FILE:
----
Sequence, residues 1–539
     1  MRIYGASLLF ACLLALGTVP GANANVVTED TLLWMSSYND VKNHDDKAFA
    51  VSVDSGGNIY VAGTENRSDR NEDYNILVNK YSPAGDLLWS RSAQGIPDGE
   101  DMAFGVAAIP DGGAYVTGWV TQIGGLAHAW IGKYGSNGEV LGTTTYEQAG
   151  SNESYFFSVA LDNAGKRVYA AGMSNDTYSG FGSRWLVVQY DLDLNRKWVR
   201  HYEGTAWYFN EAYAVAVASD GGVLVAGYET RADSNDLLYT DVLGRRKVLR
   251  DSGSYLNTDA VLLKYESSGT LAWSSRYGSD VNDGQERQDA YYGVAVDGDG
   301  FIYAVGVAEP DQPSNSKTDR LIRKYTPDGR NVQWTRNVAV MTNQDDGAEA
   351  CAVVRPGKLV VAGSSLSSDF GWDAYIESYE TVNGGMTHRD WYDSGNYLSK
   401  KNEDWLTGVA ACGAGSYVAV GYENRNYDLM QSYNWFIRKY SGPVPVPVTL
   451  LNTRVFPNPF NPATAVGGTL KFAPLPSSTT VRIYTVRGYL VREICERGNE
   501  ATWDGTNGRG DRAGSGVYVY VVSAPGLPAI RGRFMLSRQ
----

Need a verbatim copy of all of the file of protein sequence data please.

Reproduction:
Sequence, residues 1–539
     1  MRIYGASLLF ACLLALGTVP GANANVVTED TLLWMSSYND VKNHDDKAFA
    51  VSVDSGGNIY VAGTENRSDR NEDYNILVNK YSPAGDLLWS RSAQGIPDGE
   101  DMAFGVAAIP DGGAYVTGWV TQIGGLAHAW IGKYGSNGEV LGTTTYEQAG
   151  SNESYFFSVA LDNAGKRVYA AGMSNDTYSG FGSRWLVVQY DLDLNRKWVR
   201  HYEGTAWYFN EAYAVAVASD GGVLVAGYET RADSNDLLYT DVLGRRKVLR
   251  DSGSYLNTDA VLLKYESSGT LAWSSRYGSD VNDGQERQDA YYGVAVDGDG
   301  FIYAVGVAEP DQPSNSKTDR LIRKYTPDGR NVQWTRNVAV MTNQDDGAEA
   351  CAVVRPGKLV VAGSSLSSDF GWDAYIESYE TVNGGMTHRD WYDSGNYLSK
   401  KNEDWLTGVA ACGAGSYVAV GYENRNYDLM QSYNWFIRKY SGPVPVPVTL
   451  LNTRVFPNPF NPATAVGGTL KFAPLPSSTT VRIYTVRGYL VREICERGNE
   501  ATWDGTNGRG DRAGSGVYVY VVSAPGLPAI RGRFMLSRQ